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Women and youth spearhead fight against COVID-19 in Libya

Like the rest of the world, the stilled town of Suluq in Eastern Libya has been grappling with the lethal threat of COVID-19 transmission and death. However, thanks to the relentless efforts of a youth-inspired team of volunteers, the town is emerging from the trauma of the pandemic.  

General health issues

“There is a large number of patients especially women with chronic health issues such as breast cancer and cervical cancer in the region. Given the inadequate health facilities and a general lack of awareness about COVID-19, their weakened immunity level could pose life-threatening situations for them, for their families, and for their communities. Taking all this into account, I determined something had to be done”, Dr Faiza Alfakhry", declares. She is a 35-year-old, youth leader, a resident of the town, and a professor in the University of Benghazi

Youth Against COVID Fund

COVID-19 has caused widespread concern in Libya, with authorities and communities alike struggling to address the pandemic and curtail its spread.  In April 2020, UNFPA established its Youth Against COVID-19 Fund, set up specifically to harness the energy, creativity and commitment of young people in a range of specifically focused outreach activities intended to help minimize and mitigate the impact of COVID-19 in Libya.

The Libyan Red Crescent (LRC), UN Women and UNESCO joined the initiative to strengthen and empower the vital role young people would play.  As a result, with the Fund’s support, various micro-ventures are combating the COVID-19 pandemic by increasing community awareness, promoting innovative prevention measures and supporting frontline health workers. The Fund has awarded micro-grants to 12 of the most promising and innovative ideas.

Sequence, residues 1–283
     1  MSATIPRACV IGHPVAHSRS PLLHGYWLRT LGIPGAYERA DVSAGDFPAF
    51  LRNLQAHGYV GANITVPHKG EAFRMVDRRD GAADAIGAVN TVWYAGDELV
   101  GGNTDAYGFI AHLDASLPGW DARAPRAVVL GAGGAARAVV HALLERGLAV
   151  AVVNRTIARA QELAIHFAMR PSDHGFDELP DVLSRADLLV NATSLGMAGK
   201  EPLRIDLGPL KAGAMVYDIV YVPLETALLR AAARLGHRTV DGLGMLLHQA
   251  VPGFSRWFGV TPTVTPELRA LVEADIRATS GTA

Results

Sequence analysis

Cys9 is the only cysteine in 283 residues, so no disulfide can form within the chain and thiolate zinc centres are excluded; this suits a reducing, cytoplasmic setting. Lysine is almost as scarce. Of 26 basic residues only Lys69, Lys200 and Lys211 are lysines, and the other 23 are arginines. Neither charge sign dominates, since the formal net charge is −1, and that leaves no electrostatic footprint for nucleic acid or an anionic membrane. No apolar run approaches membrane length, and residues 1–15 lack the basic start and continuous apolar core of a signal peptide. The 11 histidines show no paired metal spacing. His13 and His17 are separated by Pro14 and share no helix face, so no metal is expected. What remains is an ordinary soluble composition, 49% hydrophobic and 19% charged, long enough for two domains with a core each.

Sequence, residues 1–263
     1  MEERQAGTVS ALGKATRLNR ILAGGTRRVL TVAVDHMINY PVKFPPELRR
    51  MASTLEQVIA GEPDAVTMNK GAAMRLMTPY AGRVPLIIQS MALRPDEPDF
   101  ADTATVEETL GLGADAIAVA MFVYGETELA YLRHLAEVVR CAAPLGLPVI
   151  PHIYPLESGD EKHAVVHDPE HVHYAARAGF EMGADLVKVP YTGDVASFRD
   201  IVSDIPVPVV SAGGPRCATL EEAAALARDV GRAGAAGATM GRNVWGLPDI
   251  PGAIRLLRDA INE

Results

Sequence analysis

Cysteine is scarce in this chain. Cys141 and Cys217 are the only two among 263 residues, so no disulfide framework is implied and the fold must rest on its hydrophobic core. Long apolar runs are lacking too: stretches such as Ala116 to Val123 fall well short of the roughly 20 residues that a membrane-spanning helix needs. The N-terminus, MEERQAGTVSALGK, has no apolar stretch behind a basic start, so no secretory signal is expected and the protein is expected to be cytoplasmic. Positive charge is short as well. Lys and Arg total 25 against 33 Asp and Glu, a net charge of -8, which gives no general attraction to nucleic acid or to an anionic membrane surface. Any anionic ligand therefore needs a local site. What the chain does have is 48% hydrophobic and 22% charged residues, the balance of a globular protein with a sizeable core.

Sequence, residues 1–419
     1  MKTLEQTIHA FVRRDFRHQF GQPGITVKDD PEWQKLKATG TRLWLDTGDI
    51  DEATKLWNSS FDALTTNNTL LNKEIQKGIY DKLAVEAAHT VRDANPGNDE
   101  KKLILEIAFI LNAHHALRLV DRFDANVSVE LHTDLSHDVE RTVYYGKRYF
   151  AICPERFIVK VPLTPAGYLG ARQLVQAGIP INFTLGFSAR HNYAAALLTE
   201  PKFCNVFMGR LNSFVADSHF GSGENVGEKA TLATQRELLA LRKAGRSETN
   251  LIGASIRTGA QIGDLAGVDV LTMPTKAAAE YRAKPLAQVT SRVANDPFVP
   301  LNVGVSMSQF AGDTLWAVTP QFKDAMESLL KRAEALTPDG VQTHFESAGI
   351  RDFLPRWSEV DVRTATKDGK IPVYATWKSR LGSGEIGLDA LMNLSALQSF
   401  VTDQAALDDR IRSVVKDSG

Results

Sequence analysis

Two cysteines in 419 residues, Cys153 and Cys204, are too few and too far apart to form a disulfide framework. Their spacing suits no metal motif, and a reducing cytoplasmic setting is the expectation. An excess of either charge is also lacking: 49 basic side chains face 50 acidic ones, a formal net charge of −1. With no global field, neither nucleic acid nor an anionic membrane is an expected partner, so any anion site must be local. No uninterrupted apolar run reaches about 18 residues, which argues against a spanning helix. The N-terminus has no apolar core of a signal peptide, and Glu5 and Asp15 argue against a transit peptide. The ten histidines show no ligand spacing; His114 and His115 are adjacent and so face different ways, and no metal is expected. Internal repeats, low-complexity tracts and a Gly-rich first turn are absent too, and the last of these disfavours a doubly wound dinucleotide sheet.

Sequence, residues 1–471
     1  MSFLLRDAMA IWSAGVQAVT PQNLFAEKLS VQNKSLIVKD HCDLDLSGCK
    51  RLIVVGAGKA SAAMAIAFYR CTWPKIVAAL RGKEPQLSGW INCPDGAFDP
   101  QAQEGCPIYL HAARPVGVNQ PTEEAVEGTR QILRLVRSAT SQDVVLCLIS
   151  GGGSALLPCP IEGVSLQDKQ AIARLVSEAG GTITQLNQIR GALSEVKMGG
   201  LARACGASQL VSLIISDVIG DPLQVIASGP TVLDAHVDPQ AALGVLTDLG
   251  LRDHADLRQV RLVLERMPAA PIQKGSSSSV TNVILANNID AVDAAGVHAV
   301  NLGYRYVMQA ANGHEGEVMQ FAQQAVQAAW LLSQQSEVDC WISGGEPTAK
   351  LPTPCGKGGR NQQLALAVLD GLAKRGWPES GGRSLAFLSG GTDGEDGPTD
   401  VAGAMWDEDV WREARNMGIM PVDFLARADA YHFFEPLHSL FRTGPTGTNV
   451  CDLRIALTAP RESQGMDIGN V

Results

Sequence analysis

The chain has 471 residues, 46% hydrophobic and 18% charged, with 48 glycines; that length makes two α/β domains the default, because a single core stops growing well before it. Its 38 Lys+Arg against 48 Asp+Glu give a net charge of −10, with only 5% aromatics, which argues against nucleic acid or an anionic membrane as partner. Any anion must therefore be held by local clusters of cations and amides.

Awareness campaigns are multifaceted

Dr Faiza one of the micro-grant recipients, spells out how she and a team of volunteers and doctors have applied themselves in approaching the task. “I believe that young people have the strength and the potential to lead the change. I have been working as a volunteer with LRC myself since 2017. As a team of LRC volunteers and doctors, we planned and implemented week-long awareness-raising events on COVID-19 prevention measures and public health sessions related to women followed by a free medical examination to detect early symptoms of breast or cervical cancer”.

Success is sweet

More than 300 women attended the awareness sessions and came for early examination for detection of cancer.  Because of the project, a considerable number of cases were detected at an early stage and referred to more specialized services. At the same time, the community was sensitized about COVID-19.

Need to do more

“I am really thankful to UNFPA, the Libyan Red Crescent, UN WOMEN and UNESCO for establishing this Fund. I am hopeful that more funds will be available for youth- and women-led initiatives to bring a positive social change in Libya”, Dr Faiza says.